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Loving through art

posted in: Mexico, Ministry

Sister Nieves’ sketches pay tribute to visitors seeking refuge in Nuevo León, Mexico

The stories Sister Nieves Lidia Ortiz Galván, CSC, hears sometimes leave her speechless. Yet, in her work with asylum-seeking migrants in Monterrey and in Guadalupe, Nuevo León, Mexico, listening to these individuals and being present with them is the crux of her ministry.  

She joins them in their doubt and fear, many times feeling powerless herself, as pleas to God seemingly go unanswered. “Where is God in all of this? Why does God allow children to die?” ask those seeking refuge at the Casanicolas and Casa INDI shelters, where Sister Nieves serves. 

“These questions make me humble because I do not know. I am one of them, in that sense,” Sister Nieves says. Sometimes, she adds, she feels helpless for not being able to do more, for not having all the answers. “There are men and women who feel angry with God, and I understand that because sometimes I do too.” 

Don Fernando, a visitor to the Casa INDI shelter for migrants in Monterrey, Nuevo León, Mexico, opens up to Sister Nieves Lidia Ortiz Galván, CSC, as she sketches his image. Photo by Brother Nicholas Perez, CSC

Drawing on prayer

When words fail her, Sister Nieves often turns to pencil and paper, sketching the faces of those she encounters, memorializing them, their struggles, hopes and faith in her notebook. Through this practice, she says, “I feel they stay with me, and it helps me to pray for them in a deeper way.”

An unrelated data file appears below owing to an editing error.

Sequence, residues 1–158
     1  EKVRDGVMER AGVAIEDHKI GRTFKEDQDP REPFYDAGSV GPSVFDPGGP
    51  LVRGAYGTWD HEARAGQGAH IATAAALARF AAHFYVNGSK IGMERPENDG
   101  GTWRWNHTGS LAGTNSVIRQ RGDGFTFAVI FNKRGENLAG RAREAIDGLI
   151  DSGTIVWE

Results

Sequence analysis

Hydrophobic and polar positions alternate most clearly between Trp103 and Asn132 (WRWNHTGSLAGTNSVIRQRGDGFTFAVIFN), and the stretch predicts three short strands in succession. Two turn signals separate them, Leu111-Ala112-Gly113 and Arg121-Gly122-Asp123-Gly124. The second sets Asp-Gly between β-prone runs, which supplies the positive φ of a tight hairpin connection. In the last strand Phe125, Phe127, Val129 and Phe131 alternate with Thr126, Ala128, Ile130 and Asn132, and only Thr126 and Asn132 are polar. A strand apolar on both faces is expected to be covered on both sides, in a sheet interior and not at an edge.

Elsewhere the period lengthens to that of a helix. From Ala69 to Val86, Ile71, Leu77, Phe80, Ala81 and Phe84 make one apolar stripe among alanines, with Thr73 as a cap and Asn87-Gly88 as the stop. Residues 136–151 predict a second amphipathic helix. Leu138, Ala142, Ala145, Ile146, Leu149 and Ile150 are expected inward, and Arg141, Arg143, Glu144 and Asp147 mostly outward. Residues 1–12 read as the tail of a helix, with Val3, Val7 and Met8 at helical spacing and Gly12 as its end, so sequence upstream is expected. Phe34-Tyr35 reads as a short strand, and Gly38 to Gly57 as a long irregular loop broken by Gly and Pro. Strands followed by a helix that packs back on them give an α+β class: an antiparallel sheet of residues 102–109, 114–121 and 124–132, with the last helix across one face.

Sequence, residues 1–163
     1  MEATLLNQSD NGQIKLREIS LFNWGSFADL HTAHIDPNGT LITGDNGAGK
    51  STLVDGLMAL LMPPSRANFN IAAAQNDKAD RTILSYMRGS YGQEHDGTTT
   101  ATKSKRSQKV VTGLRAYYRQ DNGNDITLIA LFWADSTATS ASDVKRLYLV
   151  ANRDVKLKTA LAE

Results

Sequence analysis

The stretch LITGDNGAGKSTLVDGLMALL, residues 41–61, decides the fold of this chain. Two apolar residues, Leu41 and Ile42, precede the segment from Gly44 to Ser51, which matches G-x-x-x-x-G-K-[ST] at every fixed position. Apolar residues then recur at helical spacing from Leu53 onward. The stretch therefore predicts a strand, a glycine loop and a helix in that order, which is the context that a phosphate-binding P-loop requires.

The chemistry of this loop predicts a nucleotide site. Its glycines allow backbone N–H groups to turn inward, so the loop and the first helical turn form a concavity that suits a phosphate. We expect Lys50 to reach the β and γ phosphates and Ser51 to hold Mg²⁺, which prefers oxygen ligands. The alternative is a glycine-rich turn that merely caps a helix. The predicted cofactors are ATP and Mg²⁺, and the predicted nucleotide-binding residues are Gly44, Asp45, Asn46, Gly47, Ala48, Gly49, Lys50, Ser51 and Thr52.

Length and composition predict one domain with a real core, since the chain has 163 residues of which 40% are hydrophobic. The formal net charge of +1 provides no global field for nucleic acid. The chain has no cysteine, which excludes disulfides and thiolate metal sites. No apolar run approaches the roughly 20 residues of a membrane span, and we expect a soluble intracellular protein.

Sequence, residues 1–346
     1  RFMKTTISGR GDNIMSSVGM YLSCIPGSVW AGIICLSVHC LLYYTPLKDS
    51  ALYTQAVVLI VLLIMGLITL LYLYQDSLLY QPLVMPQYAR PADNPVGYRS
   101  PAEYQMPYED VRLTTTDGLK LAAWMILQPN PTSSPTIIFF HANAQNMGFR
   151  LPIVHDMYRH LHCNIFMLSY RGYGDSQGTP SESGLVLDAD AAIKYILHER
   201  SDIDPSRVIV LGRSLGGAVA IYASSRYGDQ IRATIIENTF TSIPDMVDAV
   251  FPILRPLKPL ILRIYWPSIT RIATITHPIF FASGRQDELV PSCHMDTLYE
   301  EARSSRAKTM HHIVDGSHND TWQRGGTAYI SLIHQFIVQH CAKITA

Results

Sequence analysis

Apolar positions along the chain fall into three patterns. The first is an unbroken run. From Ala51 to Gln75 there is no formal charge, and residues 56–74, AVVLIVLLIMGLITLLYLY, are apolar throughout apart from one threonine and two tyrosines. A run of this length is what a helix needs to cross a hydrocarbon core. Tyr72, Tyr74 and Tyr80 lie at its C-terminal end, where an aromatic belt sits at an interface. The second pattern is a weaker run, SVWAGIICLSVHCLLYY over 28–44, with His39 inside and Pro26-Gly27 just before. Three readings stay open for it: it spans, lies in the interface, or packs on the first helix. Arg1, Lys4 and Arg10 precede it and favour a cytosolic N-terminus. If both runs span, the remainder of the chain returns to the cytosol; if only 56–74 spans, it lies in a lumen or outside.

She also encourages visitors to draw, knowing that this creative transfer of feeling and experience can be easier and more cathartic for some than verbal expression. “Everyone enjoys drawing or painting,” she adds, “and it helps them to relax for a while.” Drawing also prompts individuals to visualize and share the dreams they pursue. 

Sister Nieves recalls her conversations with 86-year-old Don Fernando, a visitor at Casa INDI. While she drew him, he would open up to her, comfortable sharing the stories of his life. “He enjoyed being drawn and asked for his portrait as a gift,” she says. A week later, on December 12, 2019, Don Fernando died unexpectedly. God accompanied him on the journey, as did Sister Nieves, her portrait of him all he carried. 

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